In my adult life, I have rarely been so entranced by a (respectable) book that I’m unable to put it down, finishing it in one day. I think the last one was Christianity and Liberalism by J. Gresham Machen. But Exegetical Fallacies is one such book. So here it is: Don, I’m so sorry I said that reading your books is like dragging a cheese-grater across my eyeballs. You’re a wonderful man.
Not only is this book concise, easy to understand, full of clear examples, and extremely helpful to all those called to the ministry of the Word; it’s also incredibly funny, in a dry, Don Carson-like way. Here are some quotes which I thought were just funnier taken out of context:
“Perhaps we should play a laugh-track while the offering plate is being circulated” (p. 34).
“Who is going to bear the babies? Or do I know get my turn?” (p. 92).
“Unfortunately, the letter writer was unable to understand this point” (p. 101).
“…our cross becomes… (God forgive us!) a joke” (p. 103).
What a gem.
Seriously, this book is full of Carson gold. Because he uses so many examples of bad exegesis from so many different debates and issues, one bonus in this book is just being able to see Carson weigh in on everything from gender relations to dispensationalism to historical criticism, offering a sentence or two here, a paragraph there. Very enlightening and engaging.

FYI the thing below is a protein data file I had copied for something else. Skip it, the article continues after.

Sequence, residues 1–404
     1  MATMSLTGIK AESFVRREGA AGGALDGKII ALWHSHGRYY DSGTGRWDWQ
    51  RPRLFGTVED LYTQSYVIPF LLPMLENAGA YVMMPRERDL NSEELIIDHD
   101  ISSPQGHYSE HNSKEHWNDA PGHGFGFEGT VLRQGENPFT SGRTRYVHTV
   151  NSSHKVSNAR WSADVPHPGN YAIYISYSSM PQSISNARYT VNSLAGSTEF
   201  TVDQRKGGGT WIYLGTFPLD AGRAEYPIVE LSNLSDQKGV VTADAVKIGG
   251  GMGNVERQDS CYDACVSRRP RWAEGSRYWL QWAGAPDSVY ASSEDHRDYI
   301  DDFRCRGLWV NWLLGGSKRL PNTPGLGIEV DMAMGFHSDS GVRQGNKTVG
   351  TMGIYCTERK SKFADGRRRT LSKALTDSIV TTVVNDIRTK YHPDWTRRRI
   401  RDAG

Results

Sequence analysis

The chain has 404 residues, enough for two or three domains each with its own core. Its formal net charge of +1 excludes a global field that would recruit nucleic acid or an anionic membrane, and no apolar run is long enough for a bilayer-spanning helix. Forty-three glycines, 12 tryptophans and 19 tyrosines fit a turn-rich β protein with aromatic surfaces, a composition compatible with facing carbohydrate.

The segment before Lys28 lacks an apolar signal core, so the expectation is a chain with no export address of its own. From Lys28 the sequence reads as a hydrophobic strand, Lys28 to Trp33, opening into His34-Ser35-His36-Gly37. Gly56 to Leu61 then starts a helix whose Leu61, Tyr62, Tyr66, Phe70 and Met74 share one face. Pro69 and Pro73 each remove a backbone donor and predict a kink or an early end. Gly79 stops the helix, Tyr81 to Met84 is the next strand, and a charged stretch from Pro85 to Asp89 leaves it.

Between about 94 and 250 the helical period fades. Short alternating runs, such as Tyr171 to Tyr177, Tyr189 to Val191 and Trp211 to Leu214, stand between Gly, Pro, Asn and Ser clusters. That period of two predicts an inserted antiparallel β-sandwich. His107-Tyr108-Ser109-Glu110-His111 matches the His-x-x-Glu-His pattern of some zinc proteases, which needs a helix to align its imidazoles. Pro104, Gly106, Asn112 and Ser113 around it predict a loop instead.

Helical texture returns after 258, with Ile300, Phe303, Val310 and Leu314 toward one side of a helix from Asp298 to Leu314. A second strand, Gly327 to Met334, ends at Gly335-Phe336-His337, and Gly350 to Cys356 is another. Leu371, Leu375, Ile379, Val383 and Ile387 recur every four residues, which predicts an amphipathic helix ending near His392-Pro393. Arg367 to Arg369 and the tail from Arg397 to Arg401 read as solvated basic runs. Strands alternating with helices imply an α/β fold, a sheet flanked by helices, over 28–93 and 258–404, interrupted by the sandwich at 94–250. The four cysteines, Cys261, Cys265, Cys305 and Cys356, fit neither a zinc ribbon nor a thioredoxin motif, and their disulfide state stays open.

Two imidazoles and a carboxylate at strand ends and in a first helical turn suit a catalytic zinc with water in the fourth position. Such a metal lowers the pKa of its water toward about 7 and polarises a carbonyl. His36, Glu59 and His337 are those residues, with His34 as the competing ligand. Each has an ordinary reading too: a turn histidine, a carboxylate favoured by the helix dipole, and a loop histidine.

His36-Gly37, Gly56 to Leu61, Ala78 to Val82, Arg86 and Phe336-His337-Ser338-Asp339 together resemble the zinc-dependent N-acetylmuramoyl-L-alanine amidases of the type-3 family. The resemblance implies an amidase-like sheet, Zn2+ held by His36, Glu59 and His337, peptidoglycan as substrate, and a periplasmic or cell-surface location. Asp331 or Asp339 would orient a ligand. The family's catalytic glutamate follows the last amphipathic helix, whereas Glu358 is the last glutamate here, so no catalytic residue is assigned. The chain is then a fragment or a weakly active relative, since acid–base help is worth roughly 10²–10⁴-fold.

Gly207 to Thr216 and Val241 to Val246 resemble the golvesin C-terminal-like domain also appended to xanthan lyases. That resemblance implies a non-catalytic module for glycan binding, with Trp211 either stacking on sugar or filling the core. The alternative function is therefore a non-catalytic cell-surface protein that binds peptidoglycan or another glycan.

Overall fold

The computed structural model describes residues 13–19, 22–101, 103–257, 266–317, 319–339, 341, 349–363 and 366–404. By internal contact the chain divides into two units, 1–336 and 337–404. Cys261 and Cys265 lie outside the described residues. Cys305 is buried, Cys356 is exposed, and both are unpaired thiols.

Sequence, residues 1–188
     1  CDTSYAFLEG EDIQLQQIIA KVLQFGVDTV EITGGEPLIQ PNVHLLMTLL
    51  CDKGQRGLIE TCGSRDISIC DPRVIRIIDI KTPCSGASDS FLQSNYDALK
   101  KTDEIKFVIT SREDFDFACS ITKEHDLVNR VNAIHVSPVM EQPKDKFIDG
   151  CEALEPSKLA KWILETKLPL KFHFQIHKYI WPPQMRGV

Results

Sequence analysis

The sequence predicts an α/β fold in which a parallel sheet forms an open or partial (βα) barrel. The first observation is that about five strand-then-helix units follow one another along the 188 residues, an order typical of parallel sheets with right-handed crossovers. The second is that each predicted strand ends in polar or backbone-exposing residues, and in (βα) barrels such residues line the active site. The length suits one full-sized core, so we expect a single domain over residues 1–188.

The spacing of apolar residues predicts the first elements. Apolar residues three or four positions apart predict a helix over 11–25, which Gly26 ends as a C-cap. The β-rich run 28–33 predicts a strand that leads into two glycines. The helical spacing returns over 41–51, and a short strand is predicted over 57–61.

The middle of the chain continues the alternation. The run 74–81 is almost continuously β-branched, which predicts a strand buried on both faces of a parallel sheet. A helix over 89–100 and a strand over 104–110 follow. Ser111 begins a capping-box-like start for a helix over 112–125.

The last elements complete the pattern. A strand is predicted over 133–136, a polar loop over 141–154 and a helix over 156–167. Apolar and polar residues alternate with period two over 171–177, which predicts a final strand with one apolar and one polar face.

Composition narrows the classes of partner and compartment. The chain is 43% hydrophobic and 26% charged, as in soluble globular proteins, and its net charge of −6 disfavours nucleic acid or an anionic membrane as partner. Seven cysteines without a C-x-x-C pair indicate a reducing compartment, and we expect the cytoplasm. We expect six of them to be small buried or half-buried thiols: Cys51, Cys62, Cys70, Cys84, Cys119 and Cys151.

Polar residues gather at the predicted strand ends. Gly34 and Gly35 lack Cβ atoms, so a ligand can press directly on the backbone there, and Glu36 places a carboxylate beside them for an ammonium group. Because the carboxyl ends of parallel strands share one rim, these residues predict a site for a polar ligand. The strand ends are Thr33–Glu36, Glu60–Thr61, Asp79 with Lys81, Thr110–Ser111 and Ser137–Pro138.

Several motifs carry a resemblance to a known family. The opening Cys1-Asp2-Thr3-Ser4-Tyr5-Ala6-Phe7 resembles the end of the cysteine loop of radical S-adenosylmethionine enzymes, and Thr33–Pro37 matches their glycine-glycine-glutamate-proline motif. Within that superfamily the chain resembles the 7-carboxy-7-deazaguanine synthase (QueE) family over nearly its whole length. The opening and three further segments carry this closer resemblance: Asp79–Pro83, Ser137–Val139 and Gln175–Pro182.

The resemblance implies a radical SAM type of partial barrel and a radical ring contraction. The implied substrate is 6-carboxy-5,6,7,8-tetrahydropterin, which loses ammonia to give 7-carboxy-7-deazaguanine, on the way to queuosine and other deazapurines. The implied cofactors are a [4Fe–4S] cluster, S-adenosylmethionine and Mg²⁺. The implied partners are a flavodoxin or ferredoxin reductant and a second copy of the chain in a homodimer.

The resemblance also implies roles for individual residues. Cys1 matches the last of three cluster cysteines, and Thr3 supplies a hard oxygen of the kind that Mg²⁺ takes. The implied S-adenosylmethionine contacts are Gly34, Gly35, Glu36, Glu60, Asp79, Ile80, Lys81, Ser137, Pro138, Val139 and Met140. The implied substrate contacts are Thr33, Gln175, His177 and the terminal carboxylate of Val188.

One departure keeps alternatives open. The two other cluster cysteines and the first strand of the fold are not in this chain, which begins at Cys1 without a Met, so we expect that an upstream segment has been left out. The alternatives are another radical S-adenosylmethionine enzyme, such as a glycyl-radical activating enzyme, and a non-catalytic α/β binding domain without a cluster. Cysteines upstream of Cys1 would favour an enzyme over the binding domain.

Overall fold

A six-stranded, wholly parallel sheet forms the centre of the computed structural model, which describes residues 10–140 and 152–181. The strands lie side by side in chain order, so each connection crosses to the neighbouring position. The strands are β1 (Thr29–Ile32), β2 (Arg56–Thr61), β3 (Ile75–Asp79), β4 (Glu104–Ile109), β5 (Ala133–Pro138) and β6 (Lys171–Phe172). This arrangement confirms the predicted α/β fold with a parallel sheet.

I have some questions about some concepts he introduces in the beginning, and there are some fallacies I would like to have seen fleshed out more, but I would heartily recommend this book to anyone serious about reading the Bible and discerning its meaning rightly.
Dr. Carson, I hope you read this post someday, and accept both my apologies for ever doubting you as well as my suggestion to write a part deux to your book, covering all the headings you raised in the last chapter. You’re my hero.
Ha- in writing that title, I can visualize the disbelief on the faces of some of my more doctrinally minded friends. Before I read Blue Like Jazz, it occupied the same space in my mind as books like The Shack, Your Best Life Now, and anything by Joyce Meyer (by the way, I haven’t read Osteen or Meyer. I’m not making a claim about the books per se, but about my preconceived notions of those books. Please don’t be angry with me).
But I just finished Blue Like Jazz a few days ago, and I do think it’s worth reading. Don Miller has a very heartfelt and loving way of pointing out some weaknesses he has seen in American Evangelical churches, and he tries to correct these weaknesses with humility.
I think there are some questions Blue Like Jazz doesn’t answer, but I’m not sure Don Miller was intending to answer questions as much as cast a vision. And I think he did a pretty good job of that. I was edified and challenged through the book (and I didn’t even have to take off my theologian’s hat to do it, although sometimes I had to raise my eyebrows dangerously), and I honestly can recommend it to anyone who has grown up in the church and sometimes feels like the 10-dollar words don’t carry the same weight they used to.